We are “self-isolating” now. In the vernacular of those who can’t seem to avoid throwing awkward words together, we’re “social distancing.” I’m staying six feet away from those phrases. I don’t know what you call it. I’m staying at home, discovering some joy in simple, forgotten things. That’s more of a mouthful than the two-word, noun-denying affliction above, but at an age when time is running out, I keep trying to get things right.
I’m writing more often during the day. I do that only when an idea has rattled around in my head, worn smooth as a polished rock. I’m compelled to spit it out. My compulsion is only palliative. I’ve never found a cure.
Thanks to technology, Hank Williams and I have been hanging out together the past few weeks. Not the “Are You Ready For Some Football” Hank Williams. The other one. The original. When I was a young college student, I convinced myself that I disliked country music. It reminded me of who and what I was—a provincial fool. Years later, after I grew a brain, I heard Hank singing one day and realized I had forgotten about him. So for those of you out there who despise the twangy and simplistic tortured love of real country music, I’m here to tell you that I am now old enough to not care what you think of me. As they say, that’s none of my business.
I don’t care for the current music that is, for some reason, still called “country.” I know nothing about that. But if you know Hank’s story, you understand that some things never change. The most talented among us are often the most tortured souls on earth.
You can learn about how country music began—where it began, how it came to be—in thousands of places today. I have found the story fascinating. You’ll hear some names of the true pioneers of that genre. Jimmy Rodgers, the Carter Family among others. And later, How Willie Nelson was broke and drunk and sold “Crazy” to an up-and-coming Patsy Cline. And you may, like me, think about why it seems the good die young.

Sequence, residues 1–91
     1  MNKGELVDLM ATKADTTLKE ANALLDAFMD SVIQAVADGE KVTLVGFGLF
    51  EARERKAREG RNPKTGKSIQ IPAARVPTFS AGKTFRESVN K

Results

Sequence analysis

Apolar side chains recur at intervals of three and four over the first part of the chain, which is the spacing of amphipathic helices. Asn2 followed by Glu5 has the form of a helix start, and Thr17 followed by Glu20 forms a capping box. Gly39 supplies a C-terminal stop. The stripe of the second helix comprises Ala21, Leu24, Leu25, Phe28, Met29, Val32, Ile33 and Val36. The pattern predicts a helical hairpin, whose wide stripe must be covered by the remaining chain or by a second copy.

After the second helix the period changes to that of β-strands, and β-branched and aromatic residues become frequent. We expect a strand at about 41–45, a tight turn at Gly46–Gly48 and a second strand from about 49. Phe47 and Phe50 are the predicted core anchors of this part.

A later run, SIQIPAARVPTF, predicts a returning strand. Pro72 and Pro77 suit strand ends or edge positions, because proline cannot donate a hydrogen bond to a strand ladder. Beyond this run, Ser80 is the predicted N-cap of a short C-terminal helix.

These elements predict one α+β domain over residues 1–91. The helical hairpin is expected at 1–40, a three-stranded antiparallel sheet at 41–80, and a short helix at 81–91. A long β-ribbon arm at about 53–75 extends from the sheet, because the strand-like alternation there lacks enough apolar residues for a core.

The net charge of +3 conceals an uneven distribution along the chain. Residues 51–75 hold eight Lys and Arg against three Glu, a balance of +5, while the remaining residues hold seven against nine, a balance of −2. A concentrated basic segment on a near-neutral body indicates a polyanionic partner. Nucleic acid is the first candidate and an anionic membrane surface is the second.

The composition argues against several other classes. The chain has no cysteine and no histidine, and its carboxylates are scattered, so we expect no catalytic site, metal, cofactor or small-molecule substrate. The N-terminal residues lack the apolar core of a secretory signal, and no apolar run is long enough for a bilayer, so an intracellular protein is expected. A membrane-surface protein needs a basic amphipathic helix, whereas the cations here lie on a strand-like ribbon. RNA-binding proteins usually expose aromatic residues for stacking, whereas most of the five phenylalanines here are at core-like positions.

Hank Williams died at 29 in the back seat of a car on a cold, wintery road in West Virginia, with a broken-down spine, shot full of morphine, alcohol and God knows what else. I can’t remember if he was married or divorced at the time. He left behind a trail of cancelled performances and an angry music industry fed up with his unpredictable behavior. In a career lasting less than ten years, he had created hundreds—hundreds— of popular recordings, many of which are still being played today. Twenty-nine. Dead and cold in the back seat of a car.
His marriage was an on-again, off-again love/hate relationship. Lots of shouting, throwing things, name-calling. Hank was no angel—neither was Audrey. There are always two sides to a pancake. I’m sure that lady had stories to tell, but she didn’t have his ability to tell them. Hank’s story is in the songs; he loved her and she drove him crazy. There’s an old axiom in country music: “To sing a country song, all you need are three chords and the truth.” Boy howdy.
So this one’s for Hank. If you secretly listen to old country music when nobody’s watching, and if you usually pretend that you can’t stand nasally twang, why you just give “Crazy Heart” a listen and see if I’m not right.
One thought on “Me and Hank”
There you go once again, Dick. What a treat for us that you have time and talent!